Students will be eligible for the award if they maintain a 2.0 grade-point average under the bipartisan plan Deal is pushing. That’s down from the current 3.0 rule and returns to the same standard that existed before lawmakers tightened eligibility requirements and reduced award payouts in 2011 to prevent the scholarship program from going broke.

“I believe this additional benefit will help Georgia families trying to get ahead and will boost the state’s ability to attract and fill high-skilled jobs,” Deal said.

Nearly 9,000 students lost the grant last year because they couldn’t meet the higher standard. Thousands of other students simply didn’t enroll because they couldn’t afford to pay what HOPE no longer covered, said Ron Jackson, the commissioner of the Technical College System of Georgia. Technical colleges will reach out to students who left to try to get them to return, he said.

House and Senate Democrats filed measures — House Bill 54 and Senate Bill 59 — to make similar grade changes last year, but Deal and other Republicans didn’t back them. On Thursday, several House Democrats stood alongside Deal and praised the governor for supporting the shift.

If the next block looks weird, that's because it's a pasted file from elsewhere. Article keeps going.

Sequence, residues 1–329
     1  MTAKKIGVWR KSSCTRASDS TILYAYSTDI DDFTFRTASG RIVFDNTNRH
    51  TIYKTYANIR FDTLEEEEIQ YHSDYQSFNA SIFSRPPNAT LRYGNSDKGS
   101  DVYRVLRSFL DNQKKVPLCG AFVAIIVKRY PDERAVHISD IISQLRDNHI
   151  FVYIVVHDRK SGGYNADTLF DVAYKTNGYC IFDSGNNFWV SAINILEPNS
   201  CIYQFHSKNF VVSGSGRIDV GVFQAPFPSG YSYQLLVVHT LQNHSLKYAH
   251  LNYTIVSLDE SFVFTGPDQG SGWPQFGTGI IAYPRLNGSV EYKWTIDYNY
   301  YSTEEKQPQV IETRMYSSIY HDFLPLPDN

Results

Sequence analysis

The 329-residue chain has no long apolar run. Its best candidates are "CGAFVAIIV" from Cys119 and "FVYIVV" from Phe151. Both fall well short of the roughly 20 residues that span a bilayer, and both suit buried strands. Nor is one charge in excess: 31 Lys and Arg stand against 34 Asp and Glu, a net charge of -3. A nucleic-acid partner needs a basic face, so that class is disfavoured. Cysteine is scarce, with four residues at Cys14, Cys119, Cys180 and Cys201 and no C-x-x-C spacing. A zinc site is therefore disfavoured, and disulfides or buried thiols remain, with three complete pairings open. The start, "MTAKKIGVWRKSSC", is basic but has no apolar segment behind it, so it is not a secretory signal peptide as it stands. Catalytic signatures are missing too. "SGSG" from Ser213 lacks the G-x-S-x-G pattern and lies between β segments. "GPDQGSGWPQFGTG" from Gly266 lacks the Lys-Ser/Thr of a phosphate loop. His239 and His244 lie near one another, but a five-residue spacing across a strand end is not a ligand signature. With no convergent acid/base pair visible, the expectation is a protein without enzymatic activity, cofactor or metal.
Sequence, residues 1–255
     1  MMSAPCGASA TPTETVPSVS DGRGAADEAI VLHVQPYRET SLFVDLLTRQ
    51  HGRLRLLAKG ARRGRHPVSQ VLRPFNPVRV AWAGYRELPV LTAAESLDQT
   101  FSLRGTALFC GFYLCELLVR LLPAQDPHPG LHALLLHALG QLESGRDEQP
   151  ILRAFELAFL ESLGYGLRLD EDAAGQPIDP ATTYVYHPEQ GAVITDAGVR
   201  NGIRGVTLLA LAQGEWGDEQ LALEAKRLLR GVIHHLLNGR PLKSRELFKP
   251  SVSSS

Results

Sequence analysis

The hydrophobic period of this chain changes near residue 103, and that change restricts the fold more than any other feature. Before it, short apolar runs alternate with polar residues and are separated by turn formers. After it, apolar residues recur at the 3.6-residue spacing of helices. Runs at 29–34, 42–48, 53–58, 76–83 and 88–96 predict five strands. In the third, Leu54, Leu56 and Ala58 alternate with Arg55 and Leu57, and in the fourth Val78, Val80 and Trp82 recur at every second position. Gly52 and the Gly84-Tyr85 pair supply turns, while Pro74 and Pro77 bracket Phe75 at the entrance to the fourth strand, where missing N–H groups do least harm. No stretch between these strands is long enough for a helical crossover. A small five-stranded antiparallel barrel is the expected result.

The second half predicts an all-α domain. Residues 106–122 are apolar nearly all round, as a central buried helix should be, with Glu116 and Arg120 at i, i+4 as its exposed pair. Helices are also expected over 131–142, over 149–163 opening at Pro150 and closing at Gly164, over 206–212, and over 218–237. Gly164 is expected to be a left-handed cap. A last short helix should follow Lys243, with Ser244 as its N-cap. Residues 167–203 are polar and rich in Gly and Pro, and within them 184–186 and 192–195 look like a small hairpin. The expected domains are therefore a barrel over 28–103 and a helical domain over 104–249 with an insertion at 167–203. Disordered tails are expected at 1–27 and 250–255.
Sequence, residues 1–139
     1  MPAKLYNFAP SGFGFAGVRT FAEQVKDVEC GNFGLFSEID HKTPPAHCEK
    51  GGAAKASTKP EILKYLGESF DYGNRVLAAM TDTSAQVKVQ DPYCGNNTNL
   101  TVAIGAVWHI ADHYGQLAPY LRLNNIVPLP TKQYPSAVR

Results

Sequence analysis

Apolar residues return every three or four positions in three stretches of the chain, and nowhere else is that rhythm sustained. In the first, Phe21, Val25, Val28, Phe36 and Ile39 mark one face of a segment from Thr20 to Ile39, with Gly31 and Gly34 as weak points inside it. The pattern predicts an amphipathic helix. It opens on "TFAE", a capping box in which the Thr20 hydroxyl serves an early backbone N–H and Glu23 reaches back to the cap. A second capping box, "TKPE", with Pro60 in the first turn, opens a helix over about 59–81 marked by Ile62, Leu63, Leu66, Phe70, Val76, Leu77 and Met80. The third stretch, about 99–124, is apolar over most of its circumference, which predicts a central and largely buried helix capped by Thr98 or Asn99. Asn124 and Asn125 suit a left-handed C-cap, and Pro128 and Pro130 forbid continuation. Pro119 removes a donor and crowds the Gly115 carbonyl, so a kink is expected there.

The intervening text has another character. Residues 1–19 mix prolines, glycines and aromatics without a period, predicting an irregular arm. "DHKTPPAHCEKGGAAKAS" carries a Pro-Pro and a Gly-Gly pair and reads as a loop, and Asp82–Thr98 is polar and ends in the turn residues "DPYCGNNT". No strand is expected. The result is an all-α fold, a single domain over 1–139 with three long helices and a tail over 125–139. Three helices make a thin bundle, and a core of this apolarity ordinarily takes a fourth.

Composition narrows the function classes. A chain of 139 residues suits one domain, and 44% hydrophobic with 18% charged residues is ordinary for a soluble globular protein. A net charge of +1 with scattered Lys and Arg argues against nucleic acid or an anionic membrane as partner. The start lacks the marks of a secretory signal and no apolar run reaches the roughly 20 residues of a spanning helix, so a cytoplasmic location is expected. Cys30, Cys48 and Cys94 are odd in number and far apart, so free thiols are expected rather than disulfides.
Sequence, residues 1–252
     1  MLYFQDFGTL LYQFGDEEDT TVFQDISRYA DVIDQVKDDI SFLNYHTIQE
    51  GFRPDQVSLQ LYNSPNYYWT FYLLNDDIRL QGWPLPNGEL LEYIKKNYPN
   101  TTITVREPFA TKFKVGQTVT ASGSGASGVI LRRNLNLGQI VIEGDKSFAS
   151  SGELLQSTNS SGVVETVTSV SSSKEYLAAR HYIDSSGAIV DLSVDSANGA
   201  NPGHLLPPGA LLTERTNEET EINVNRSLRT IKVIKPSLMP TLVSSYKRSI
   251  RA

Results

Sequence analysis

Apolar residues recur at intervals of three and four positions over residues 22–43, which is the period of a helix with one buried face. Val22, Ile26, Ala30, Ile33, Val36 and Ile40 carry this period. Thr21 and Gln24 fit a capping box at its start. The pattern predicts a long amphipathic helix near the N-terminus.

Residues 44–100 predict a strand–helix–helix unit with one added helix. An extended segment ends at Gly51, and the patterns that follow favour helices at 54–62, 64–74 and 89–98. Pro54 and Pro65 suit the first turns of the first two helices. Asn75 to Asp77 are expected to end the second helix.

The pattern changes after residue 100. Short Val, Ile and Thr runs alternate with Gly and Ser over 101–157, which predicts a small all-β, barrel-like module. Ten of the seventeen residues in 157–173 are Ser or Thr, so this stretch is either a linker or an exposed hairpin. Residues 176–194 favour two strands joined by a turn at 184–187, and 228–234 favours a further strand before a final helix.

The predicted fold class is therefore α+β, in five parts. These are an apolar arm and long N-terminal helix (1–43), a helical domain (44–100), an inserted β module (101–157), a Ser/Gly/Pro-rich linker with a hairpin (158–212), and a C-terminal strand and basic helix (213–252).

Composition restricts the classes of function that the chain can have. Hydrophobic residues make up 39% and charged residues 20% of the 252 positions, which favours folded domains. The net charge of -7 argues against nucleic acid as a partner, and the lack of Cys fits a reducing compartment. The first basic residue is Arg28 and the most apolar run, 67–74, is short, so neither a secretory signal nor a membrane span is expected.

“It’s a way to make sure technical college students don’t lose hope — literally,” House Minority Leader Stacey Abrams said.

Senate Democrats, meanwhile, were conspicuously absent from the event. Senate Minority Leader Steve Henson, speaking outside the governor’s office, said Deal should back a broader legislative package that Senate Democrats revealed Wednesday that undoes many other changes instilled in 2011.

“Senate Democrats are very supportive of this effort, but there are thousands of other students that this bill doesn’t help,” Henson said. “I don’t think it goes far enough. We certainly need to go farther in the future.”